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20 Ways to Use WIOA Funds for Outreach & Advertising

20 Ways to Use WIOA Funds for Outreach & Advertising

The U.S. Department of Labor recently released a new Training and Employment Guidance Letter (TEGL), TEGL 03:23, to provide workforce agencies and other DOL grantees with clear instructions on how to use funds from the Workforce Innovation and Opportunity Act (WIOA) and other competitive grants effectively and equitably for outreach activities. WIOA is crucial in connecting job seekers with employers, providing training opportunities, and helping businesses recruit skilled employees. 

For workforce boards and other DOL grantees, this new TEGL guidance provides your organization with a roadmap for using WIOA and other competitive grant funds for outreach activities. Targeted outreach and advertising can help you increase engagement with local businesses and job seekers and expand the reach of your services, particularly to those in underrepresented communities. In this article, we'll 20 ways you can use WIOA funds to maximize your organization's reach, better serve local businesses and job seekers, and contribute more significantly to developing your local workforce.

Ways to Use WIOA Funding for Outreach

TEGL 03:23 outlines specific allowable ways to use WIOA funding for targeted outreach that may help you generate ideas for your organization. Please note that this is not an exhaustive list.

In-Person Outreach

1. Community Events: Organizations can attend local fairs, industry events, or other community gatherings with materials about job assistance, resume development, career advice, and interview skills. They can also set up a recruitment display table to distribute information about grant-related services. Locations such as libraries, religious institutions, laundromats, grocery stores, and local businesses are ideal for meeting potential participants. These places often allow organizations to join existing events or use their location as a venue for outreach and enrollment events.

2. Partnering with Local Businesses: Organizations can reach out to local businesses like barber shops, hair salons, movie theaters, sporting events, and restaurants to post and share their posters or signs. Local businesses may also allow grantees to join their planned events or use their location for outreach and enrollment events.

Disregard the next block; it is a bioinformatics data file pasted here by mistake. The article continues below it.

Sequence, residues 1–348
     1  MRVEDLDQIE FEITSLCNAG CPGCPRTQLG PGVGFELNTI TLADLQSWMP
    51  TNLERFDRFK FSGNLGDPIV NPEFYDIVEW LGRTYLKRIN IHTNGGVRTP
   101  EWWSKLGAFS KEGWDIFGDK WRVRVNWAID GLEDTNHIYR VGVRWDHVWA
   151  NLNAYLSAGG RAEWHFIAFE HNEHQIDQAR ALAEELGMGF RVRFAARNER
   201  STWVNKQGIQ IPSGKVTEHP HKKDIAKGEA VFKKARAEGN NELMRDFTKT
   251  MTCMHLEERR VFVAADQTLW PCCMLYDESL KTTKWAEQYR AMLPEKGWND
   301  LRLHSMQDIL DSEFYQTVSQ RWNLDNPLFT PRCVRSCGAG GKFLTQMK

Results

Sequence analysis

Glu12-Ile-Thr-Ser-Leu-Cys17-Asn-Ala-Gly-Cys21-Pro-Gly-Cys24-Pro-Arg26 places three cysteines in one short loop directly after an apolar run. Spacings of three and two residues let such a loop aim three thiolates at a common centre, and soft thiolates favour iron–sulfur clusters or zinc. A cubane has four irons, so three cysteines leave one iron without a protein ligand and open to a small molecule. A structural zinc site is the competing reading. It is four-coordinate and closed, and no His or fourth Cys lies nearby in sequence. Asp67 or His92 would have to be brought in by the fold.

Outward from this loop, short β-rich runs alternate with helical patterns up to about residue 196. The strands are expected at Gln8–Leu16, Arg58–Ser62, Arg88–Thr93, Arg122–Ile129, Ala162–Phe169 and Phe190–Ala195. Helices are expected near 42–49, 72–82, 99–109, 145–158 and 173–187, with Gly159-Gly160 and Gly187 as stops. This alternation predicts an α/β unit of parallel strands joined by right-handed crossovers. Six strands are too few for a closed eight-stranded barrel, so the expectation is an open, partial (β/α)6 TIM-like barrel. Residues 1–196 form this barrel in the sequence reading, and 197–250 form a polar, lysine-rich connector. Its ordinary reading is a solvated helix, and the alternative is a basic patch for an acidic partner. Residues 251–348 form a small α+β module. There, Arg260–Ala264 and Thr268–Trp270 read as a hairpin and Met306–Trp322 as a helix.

3. Engaging Community Leaders: Community leaders and partners can help spread the word about the services provided by the grantee. It's important to ensure they have enough information about the services to refer individuals to the appropriate organizations.

4. Participation in Job/Career Fairs: Other in-person activities for outreach could include attendance at, facilitation of, collaboration with, or participation in job/career fairs, rapid response events, one-stop satellite centers/mobile one-stops, high school/college career days, and other interviews.

5. Promotional Materials: Creating promotional materials such as brochures, pamphlets, or flash drives to distribute at public relations events is an allowable use of funds. These materials can educate the public about the award’s activities, services, and program offerings.

6. Mobile American Job Centers (AJCs): Organizations can use WIOA funds to establish and run mobile American Job Centers (AJCs). These mobile units can be used to reach out and provide services to people throughout the community, especially in rural areas. Funds can be used for vehicle purchase, repair, and maintenance, following the guidelines in 2 CFR 200.403 and 2 CFR 200.405(d). If the vehicle benefits multiple programs, costs should be allocated based on each program's relative benefit.

Each of these methods can be tailored to reach special or targeted populations, and organizations may need unique strategies for locating, attracting, and retaining different segments of participants for their programs.

Print Advertising

7. Newspaper and Newsletter Ads: Organizations can create advertisements or write articles that can be published in local newspapers or neighborhood newsletters.

8. Informational Postcards, Brochures, and Flyers: These are traditional yet effective tools for distributing information about grant-funded activities, services, or programs.

9. Doorknob Hangers, Pamphlets, and Leaflets: These materials can be distributed in neighborhoods or at community events, providing a tangible reminder of the available services.

10. Public Signage: Funds can be used for larger-scale advertising, such as bus stop signage, benches, banners, billboards, or vehicle wraps. This can increase visibility in the community.

11. QR Codes: These can be included on any printed material to direct potential participants to online information about the grant-funded activities, services, or programs.

12. Community Service Groups: Organizations can use funds to send notices about openings in their programs and activities to schools and community service groups.